Tangier – the Gateway to Africa – Morocco
Tangier – the old medina
Short Description. I strolled through the medina and went to Dar Nour to take pictures for a blog article. In the afternoon, I went to Ville Nouvelle, and in the evening, I moved to Dar Bargach in the heart of the medina.
In the morning, I left the accommodation I had on the outskirts of Tangier as quickly as I could. The hosts weren’t even at home when I left, so I left the door open as they didn’t leave any other indications. Eventually, I headed to the old medina.
I parked near the entrance to the medina and gave some money to the man guarding the parking lot. As usual, I gave him as much as I wanted. The intention mattered. Then, I entered the medina through the main gate Bab el-Fahs – the gate in Grand Socco Square, a typical Arabic medina gate, of immaculate white, but with a pointed arch of Gothic influence.
As it was facing the Strait of Gibraltar, Tangier always had strategic importance in the Mediterranean area. At the same time, it was the gateway to Africa. While Morocco had been repeatedly divided between France and Spain through history, Tangier remained a kind of international zone until the country gained independence. After that, it went into an atrocious decline and was dominated by criminals and drug addicts until 1999. Then, a new development project revitalized the port area, and tourism exploded as criminality had disappeared.
The medina in Tangier was surrounded by 15th-century Portuguese fortifications and, therefore, it felt slightly different from other Moroccan medinas. Arab culture dominated, but the medina also had European influence. White houses, tangled pedestrian streets, winding and narrow alleys. Somehow, the bustle of the Arab medinas was missing. It was a more settled, quieter, neater bustle.
The medina in Tangier didn’t have a main street. The only main alley was the one that linked Grand Socco square (outside of the medina) to Petite Socco (inside of the medina). Petite Socco, or Souq Dakel, was a kind of square formed organically at the crossroads between several streets inside the medina. It once was a place for sale, drugs, and prostitutes. On this street you could also find the Spanish church with a monastery next to it. The monastery featured an inner courtyard surrounded by porticoes – an architectural element typical of the Gothic monasteries from the European Middle Ages.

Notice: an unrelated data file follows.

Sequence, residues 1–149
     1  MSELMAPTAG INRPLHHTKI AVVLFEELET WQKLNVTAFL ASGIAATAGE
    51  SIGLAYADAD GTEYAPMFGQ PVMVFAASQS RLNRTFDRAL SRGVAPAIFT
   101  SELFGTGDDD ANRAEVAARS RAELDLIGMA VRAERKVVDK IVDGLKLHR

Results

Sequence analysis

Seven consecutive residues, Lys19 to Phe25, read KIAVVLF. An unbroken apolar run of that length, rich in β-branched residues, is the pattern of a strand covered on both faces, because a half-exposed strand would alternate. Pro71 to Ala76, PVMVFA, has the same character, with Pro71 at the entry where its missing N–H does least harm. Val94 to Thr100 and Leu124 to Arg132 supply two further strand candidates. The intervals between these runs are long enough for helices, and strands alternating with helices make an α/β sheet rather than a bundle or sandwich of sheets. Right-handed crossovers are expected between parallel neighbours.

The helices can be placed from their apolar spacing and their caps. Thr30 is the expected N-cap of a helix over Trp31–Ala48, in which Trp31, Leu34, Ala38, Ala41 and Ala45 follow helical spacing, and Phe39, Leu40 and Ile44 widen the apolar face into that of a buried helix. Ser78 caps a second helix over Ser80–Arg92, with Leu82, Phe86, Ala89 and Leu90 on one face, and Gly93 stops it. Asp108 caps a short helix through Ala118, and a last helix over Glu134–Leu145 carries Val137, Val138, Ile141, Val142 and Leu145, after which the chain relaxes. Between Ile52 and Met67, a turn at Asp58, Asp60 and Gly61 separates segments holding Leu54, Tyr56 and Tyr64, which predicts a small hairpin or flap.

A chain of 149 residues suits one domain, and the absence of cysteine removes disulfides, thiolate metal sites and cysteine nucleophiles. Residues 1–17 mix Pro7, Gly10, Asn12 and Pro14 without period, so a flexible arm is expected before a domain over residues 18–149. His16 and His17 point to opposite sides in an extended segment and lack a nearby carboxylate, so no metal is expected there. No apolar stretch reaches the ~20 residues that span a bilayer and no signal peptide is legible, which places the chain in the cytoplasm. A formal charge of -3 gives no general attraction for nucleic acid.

Architecture in the medina of Tangier was different than in other Arab medinas. Multi-level buildings featured balconies facing the street as opposed to the typical Arab houses opening onto an inner courtyard. Multiculturalism could be felt through the presence of religious buildings belonging to Islam and Christianity, as well as eclectic buildings of European influence. Once you reached the edge of the medina’s main street, you could see the port of Tangier and the Strait of Gibraltar. Europe was not so far, after all.
Tangier – the kasbah
Many Europeans – French or Spaniards, moved to live in Tangier. They settled with a business in the tourism industry or opened a riad for visitors in the medina. The most picturesque neighborhood in the medina was the sultan’s fortress neighborhood in Place de Mechoir. The fortress, kasbah, stood somewhere in the higher part of the medina. The sultan’s fortress (Kasbah Dar al-Makhzen) housed a large museum complex with a big inner courtyard surrounded by porticoes. However, it didn’t have the same decorative richness as other Moroccan palaces. You could feel the European influence, more settled, and less exuberant. The fortress also featured vast gardens with lush vegetation where everyone took advantage of the palm trees’ shade.